Nov. 18, 2019, © Leeham News: Boeing suffered another setback last week, and this time it’s unrelated to the 737 MAX.
Boeing abandoned a robotic riveting/fastener system awkwardly called Fuselage Automatic Upright Build, or FAUB, intended to speed production.
Bloomberg first reported the abandonment. The Seattle Times has an extensive story detailing the history and objectives.
Doing these processes manually is incredibly labor intensive. FAUB, when it works, dramatically cuts the time, improves the accuracy and reduces injuries.
FAUB is but one element of a production transformation Boeing has been doing for years under the code name Black Diamond.
Various automated and digital processes technologies have been in place on various 7-Series programs for years. FAUB, as The Seattle Times reported, was added to the 777 Classic line ab0ut six years ago. Part of the mission was to de-risk FAUB for application to the 777X.
Then, FAUB and the other processes were to converge for the first time on one Boeing Commercial Airplanes program with the New Midmarket Airplane, or NMA.
Boeing CEO Dennis Muilenburg said on several earnings calls that the NMA was as much about production as it was about a new airplane program (or words to this effect).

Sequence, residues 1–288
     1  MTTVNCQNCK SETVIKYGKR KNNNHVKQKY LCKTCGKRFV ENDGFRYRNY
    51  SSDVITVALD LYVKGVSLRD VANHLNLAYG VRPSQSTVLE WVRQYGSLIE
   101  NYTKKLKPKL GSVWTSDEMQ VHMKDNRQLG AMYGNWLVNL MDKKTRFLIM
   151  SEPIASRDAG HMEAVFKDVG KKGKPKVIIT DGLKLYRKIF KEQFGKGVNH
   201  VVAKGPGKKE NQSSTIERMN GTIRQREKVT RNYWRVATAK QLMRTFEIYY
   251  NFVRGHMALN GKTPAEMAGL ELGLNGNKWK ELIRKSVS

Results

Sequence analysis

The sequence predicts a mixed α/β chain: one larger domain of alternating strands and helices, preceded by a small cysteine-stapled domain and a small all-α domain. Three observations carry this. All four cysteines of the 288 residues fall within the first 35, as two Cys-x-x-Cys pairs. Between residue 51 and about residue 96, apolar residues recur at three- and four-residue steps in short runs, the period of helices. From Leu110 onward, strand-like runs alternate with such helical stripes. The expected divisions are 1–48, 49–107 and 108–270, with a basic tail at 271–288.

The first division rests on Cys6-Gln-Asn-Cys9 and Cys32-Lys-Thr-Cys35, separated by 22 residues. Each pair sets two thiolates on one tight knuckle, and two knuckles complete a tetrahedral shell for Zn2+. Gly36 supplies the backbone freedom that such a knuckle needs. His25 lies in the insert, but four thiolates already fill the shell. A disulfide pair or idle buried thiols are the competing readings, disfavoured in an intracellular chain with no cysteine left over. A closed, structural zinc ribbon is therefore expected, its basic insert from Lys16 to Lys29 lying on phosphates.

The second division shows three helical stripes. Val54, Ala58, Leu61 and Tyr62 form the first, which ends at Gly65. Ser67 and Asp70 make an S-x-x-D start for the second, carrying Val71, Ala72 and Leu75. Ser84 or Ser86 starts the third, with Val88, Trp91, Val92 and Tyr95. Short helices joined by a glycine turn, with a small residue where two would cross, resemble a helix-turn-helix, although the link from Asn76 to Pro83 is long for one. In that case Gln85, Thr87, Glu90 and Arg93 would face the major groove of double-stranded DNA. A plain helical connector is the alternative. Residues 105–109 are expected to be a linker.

But Boeing couldn’t make FAUB work.
This is a good question and one for which there isn’t a clear answer.
FAUB, or a system very similar, is used by Airbus and other aerospace companies. It works for them, says Jessica Kinman, a senior manager for Dassault Systemes.
Kinman spoke Friday at a seminar sponsored by the Pacific Northwest Aerospace Alliance (PNAA) at North Seattle College about advanced manufacturing and other transformative production processes. This was just two days after the Boeing FAUB news broke.
Among the processes illustrated: robotics working on an upright fuselage. In other words, FAUB—although this was not identified as Boeing’s FAUB.
With the NMA business plan relying in part on Black Diamond processes, of which FAUB is an element, losing FAUB isn’t going to help an already-struggling business case.
But, then, NMA is on hold at Boeing until the MAX returns to service and cash flow resumes. So, from this perspective, losing FAUB at this time isn’t especially critical.
But longer term, Boeing needs to understand why it couldn’t make FAUB work whereas Airbus and others can.
It’s all part of the digital factory Dassault and its competitors consult on as aerospace (and other industries) transform in the future.
I’ll have more about this in a subsequent post.
Boeing need to quit wasting energy on NMA. They’ve much bigger problems.
Instead of being focused on manufacturing technologies for a clean sheet for a product they may build at 6 per month – how about for a clean sheet they may build at >60 a month?